#935: Who Do You Love by The Woolies
Peak Month: April 1967
10 weeks on Vancouver’s CFUN chart
Peak Position #11
Peak Position on Billboard Hot 100 ~ #95
YouTube.com: “Who Do You Love”
“Who Do You Love” lyrics by Bo Diddley
“Who Do You Love” original version by Bo Diddley
In 1943 Bob Baldori was born in Pennsylvania. His father, John Baldori, played the trumpet while his mother, Lucille, had sung in a big band John Baldori was a trumpeter in. After the war the family relocated to Dearborn, Michigan. John Baldori worked at Ford Motors, a side job at Detroit Tiger’s games and playing at jazz clubs in Detroit. At the age of three, Bob Baldori was introduced to the player piano at his grandfather’s home. By the age of five he started to learn piano. Bob’s youngest brother, Jeff (born 1951), also took piano lessons. Bob was influenced by Oscar Peterson, Jerry Lee Lewis, Fats Domino and Duke Ellington.
About six blocks away from the Baldori family fellow Dearborn resident Bill “Bee” Metros whose father owned a neighborhood tavern in Dearborn named the Aviation Bar. His father came to America from Greece in 1912 and young “Bee” Metros was influenced by he heard at Greek Festivals. By grade four he began to learn to play drums. While his parents paid for a drum set, Bill paid for all his cymbals from money he earned as a paper boy. Bee practiced so hard in his bedroom that he put a crack in the ceiling of the downstairs dining room. He went on to play in school marching and concert bands. His favorite drummers were Gene Krupa and Buddy Rich. Bill Metros got his “Bee” nickname from a two-year-old nephew in Dearborn who wasn’t able to pronounce Bill so it came out “Uncle Bee.” At high school friends taunted him with the moniker “Uncle Bee” until it was shortened to Bee.
When they were 14 years old, Bee Metros and Bob Baldori met. They began to get contracts to play local clubs with local vocalist Maury Dean. They were called Maury Dean & the Night Shift. In 1963 the band recorded “Catch You Later,” a minor hit in the Detroit area. A year later Bob Baldori had gigs at Michigan State University fraternity parties. He was approached that summer by Bill Armistead who wanted to form a folk-rock group. Armistead had recruited singer and guitar player, Bob “Stormy” Rice, from Corunna, and Bob Hill, a bass player from Lansing, Michigan. After a few rehearsals with the band, Bob Baldori, noting the band had no drummer, advanced “Bee” Metros as a potential drummer for the band. Once the band began to rehearse it was clear they wanted to do blues and rock ‘n roll, not folk music. So Armistead left and Baldori, Hill, Rice and Metros became The Woolies. However, Bob Hill, fearing his father’s reaction to him growing long hair, quit the band. Bob’s younger brother, Jeff Baldori, became the new bass player. “Bee” Metros credits Bob Baldori with dreaming up the band’s name, The Woolies,” on the way to a recording session in Chicago. The name “had to do with the way we looked, four boys from Michigan wearing flannel shirts and we all had long curly hair. It just seemed to fit.”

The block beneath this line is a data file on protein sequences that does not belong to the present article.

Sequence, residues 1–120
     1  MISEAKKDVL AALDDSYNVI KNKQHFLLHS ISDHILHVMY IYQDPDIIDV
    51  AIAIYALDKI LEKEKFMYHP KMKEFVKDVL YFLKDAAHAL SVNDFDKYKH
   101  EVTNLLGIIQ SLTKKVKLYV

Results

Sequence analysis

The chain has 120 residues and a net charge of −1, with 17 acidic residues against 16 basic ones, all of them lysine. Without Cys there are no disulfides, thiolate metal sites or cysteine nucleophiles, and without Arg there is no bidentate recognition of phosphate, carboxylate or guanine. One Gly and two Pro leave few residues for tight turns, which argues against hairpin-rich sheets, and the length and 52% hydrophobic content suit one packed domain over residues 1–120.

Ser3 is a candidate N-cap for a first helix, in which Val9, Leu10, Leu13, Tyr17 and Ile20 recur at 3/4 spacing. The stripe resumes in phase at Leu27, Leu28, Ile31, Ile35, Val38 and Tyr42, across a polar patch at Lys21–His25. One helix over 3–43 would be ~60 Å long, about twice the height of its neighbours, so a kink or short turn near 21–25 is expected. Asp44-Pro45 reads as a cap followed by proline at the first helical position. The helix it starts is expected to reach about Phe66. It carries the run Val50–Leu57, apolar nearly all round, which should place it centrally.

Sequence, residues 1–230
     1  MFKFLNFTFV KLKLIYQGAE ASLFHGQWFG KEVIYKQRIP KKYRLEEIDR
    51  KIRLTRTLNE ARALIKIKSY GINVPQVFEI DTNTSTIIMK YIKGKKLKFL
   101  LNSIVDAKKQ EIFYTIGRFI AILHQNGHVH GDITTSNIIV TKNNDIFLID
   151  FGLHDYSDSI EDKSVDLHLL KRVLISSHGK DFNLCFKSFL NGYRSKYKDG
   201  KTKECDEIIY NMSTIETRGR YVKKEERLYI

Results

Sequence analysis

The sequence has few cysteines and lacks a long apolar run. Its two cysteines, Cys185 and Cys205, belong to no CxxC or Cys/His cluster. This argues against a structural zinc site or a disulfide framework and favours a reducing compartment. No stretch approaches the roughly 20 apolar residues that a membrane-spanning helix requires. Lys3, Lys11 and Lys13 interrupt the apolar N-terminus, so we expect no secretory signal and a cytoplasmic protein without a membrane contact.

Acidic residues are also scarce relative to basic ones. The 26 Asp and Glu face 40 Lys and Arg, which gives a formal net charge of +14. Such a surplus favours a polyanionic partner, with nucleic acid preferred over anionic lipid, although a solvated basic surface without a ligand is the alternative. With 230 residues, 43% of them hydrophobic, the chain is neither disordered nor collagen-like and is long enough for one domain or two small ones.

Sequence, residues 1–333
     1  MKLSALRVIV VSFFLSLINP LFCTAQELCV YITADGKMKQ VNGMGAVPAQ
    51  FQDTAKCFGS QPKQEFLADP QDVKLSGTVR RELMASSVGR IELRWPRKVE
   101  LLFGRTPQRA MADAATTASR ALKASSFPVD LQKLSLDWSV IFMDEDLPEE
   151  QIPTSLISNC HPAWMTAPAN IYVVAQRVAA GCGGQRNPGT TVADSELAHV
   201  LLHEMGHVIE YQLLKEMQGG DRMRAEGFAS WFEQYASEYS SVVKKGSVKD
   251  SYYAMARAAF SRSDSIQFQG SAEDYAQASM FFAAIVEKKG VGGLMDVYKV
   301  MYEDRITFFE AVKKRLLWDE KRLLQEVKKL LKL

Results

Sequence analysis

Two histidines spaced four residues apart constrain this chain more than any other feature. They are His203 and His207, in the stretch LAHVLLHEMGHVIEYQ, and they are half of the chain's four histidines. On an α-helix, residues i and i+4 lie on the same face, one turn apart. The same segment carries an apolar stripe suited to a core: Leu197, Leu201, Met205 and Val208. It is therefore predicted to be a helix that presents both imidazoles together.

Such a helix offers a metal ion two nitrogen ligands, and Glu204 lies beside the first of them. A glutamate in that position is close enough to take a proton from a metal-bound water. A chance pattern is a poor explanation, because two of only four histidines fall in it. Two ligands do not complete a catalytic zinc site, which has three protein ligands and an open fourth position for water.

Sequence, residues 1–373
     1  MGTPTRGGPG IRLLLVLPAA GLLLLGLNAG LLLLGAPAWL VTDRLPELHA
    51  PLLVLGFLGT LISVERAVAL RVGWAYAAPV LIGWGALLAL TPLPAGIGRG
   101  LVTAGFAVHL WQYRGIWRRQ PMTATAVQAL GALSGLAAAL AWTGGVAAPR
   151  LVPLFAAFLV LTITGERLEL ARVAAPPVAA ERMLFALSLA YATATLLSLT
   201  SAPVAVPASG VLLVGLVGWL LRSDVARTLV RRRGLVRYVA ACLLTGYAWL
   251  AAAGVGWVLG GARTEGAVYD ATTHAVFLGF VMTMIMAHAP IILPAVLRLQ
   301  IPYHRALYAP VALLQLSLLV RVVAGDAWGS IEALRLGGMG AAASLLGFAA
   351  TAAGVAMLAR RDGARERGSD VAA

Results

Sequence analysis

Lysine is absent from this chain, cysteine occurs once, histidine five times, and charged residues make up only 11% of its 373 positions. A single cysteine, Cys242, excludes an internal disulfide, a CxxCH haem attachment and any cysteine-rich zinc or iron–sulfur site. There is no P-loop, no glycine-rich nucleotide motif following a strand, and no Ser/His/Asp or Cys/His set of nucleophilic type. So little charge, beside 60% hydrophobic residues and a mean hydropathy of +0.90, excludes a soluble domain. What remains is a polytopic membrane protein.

Stormy Rice was a big fan of Bob Dylan and it was Dylan’s “Black Crow Blues,” that became The Woolies debut single, featuring Rice on lead vocal. The 45 got some airplay in Lansing but was only a local hit. The Woolies became a staple on the circuit of teen clubs. The Baldori’s parents had mixed feelings about Jeff being in a band since he only 14. This meant Jeff was having to skip school in order to play some gigs in bars. The band became regulars at the Fat Black Pussycat, an East Lansing coffeehouse. Stormy Rice booked some of the bigger acts in the folk music scene to play at the Fat Black Pussycat including Phil Ochs, John Hammond, and Tom Rush. When The Woolies saw Tom Rush sing an acoustic version of “Who Do You Love”, originally composed and recorded by Bo Diddley in 1956.
Bo Diddley was born in 1928 with the birth name Ellas Otha Bates. His hometown of McComb, Mississippi, was a town of under 10,000, with two-thirds of the population African-American. Bates was adopted and raised by his mother’s cousin, Gussie McDaniel, and was given their surname. In 1934, the McDaniel family moved to the South Side of Chicago. At the age of six, he dropped his middle name, Otha, and became Ellas McDaniel. During his childhood he began to play the trombone and violin. But it was at age 10 that he was taken with R&B music and was given his first guitar as a Christmas present.
In 1943 Elias McDaniel was working at the Maxwell Street Market in Chicago as a street performer, while he was still 14-years-old. He returned to perform at the market the following summer. In addition to school, Elias got odd jobs as a mechanic and a carpenter. His childhood friend, Earl Hooker, began to play in his own band called the Langley Avenue Jive Cats in 1942, when he was 12-years-old. Elias McDaniel joined the band in 1943.
In 1951, Elias McDaniel was given a regular gig at the 708 Club in Chicago. In early 1955, Phil and Leonard Chess offered Diddley a recording contract with Checker Records. This was the companion label to Chess Records, that Chuck Berry had recently been signed up with. Diddley had titled his debut single “Uncle John”. However, Phil and Leonard Chess persuaded him to go back to the drawing board find a more unique title. He came up with “Bo Diddley”. Diddley is a slang word from “diddly squat”, which means “absolutely nothing.” The Chess brothers liked the song title and also suggested that Elias McDaniell change his stage name to Bo Diddley. The single, “Bo Diddley” by Bo Diddley, was released on May 11, 1955. The B-side was “I’m A Man”. “Bo Diddley” climbed to #1 on the Billboard Rhythm and Blues singles chart in June 1955. It had a chart run for 15 weeks and was one of the Top Ten singles on the chart for four months. It ranked at #17 for the year-end R&B singles chart for 1955. He performed “Bo Diddley” on the Ed Sullivan Show on November 17, 1955.